After its launch in 1988, this peach liqueur schnapps became the fastest growing drinks brand in the UK market. This innovative product has spurred a whole drinks category that did not exist prior to its launch. Its distinctive frosted bottle and litho printed graphics have been much copied.
An adaptation of what was originally known as Smirnoff Nørsk, this is the Smirnoff 21 vodka blend flavoured with an berry flavour essence. Smirnoff Nørsk was flavoured with distillate of Nordic berries and had a pale blue hue.
Spin-off from the monumentally successful bar of the same name: a coconut liqueur made in the UK and based on Caribbean rum, neutral spirit with flavouring (it is not disclosed as to whether this is natural or not) and sweetened with sugar (we presume as nothing to indicate otherwise).
Britain’s best-selling scotch is blended from up to 40 different whiskies. In 1994, Bell’s gained an eight year age statement but this proved short lived and was dropped a few years later due to a lack of aged stocks.
The number four Blended Scotch Whisky in the world, J&B Rare comprises a blend of some 40 different whiskies. This blended Scotch whisky attracted an A-list following in the 1960s including Frank Sinatra, Dean Martin and Sammy Davis Jr.
Launched in 2009, this is one of a range of products branded after a mythical Tennessee gentleman called Jeremiah Weed. Despite the “Southern Style” name (in this case looking somewhat Asian) this sweet tea liqueur is made and bottled in the UK. Best served over crushed ice – think iced tea.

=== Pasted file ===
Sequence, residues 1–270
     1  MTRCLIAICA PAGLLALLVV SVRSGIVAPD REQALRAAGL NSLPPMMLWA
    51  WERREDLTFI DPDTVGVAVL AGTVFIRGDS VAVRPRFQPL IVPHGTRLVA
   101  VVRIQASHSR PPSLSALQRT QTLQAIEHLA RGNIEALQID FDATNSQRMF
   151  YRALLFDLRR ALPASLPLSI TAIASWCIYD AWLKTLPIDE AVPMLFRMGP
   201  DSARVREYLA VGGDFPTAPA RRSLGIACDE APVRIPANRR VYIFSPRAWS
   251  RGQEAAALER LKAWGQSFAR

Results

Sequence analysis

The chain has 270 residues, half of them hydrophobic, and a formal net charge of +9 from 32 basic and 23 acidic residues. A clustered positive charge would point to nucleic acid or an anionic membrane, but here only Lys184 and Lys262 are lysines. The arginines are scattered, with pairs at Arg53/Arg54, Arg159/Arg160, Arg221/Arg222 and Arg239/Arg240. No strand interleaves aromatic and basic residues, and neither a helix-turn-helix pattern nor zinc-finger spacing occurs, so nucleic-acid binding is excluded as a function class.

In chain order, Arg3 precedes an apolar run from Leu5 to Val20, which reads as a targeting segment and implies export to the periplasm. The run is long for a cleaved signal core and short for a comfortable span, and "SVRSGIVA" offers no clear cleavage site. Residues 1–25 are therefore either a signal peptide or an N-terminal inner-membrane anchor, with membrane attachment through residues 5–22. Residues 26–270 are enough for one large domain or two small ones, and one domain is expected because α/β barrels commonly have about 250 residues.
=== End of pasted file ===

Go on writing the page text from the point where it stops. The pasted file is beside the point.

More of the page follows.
Produced and bottled in the UK, rather far from the brand’s marketing suggestion of USA’s Deep South, with a “Gentleman” and the “Sour Mash” term possibly cheekily hinting at another Southern gentleman. Made with fruit alcohol (16.5%), Bourbon (4.9%) and flavourings.
Launched in 2011, Jeremiah Weed Root Brew is made with fruit alcohol (19.4%), spirit (1.6) and flavours. The man himself, the namesake of the company, apparently lives in the mountains of Kentucky. And Elvis lives near my mum!
Launched in 1884 by a newly established whisky merchant called James Buchanan, this blended Scotch was originally called ‘The Buchanan’ blend, it was sold in a black bottle with a white label. Drinkers stopped asking for the whisky by name and started referring to it as ‘Black and White’.
In 1879 James Buchanan moved to London to work as a sales agent for a firm of whisky blenders and brokers. In 1884 he set up James Buchanan & Co. to establish his own blended Scotch whiskies, using his own name as a personal guarantee of quality.
This blended Scotch whisky was created when William Sanderson, a blender in Leith, produced 100 different blends and asked a panel of tasters to choose their favourite. Obviously, they preferred blend, or vatting, number 69 and he started marketing the brand in 1882, originally in port wine bottles.
Released 17th October 2013, the last of three blends in the first Johnnie Walker’s Trade Routes series, inspired by the epic journeys made by the Walker family and their agents, navigating their way along the world’s trade routes. The royal route being from the Far East to the Mediterranean coast.
Launched in April 2014, J&B Urban Honey is based on J&B Scotch Whisky infused with honey. Why ‘urban’? Is it made with honey collected from urban bee hives? We suspect not. More likely the marketers thought urban was ‘cool’.
Introduced in June 2014 and aimed a travel retail (duty free), Smirnoff White vodka is chilled to -6°C and filtered through charcoal. The distinctive bottle has a clear “cut-glass” base which turns milky white towards the top of the bottle.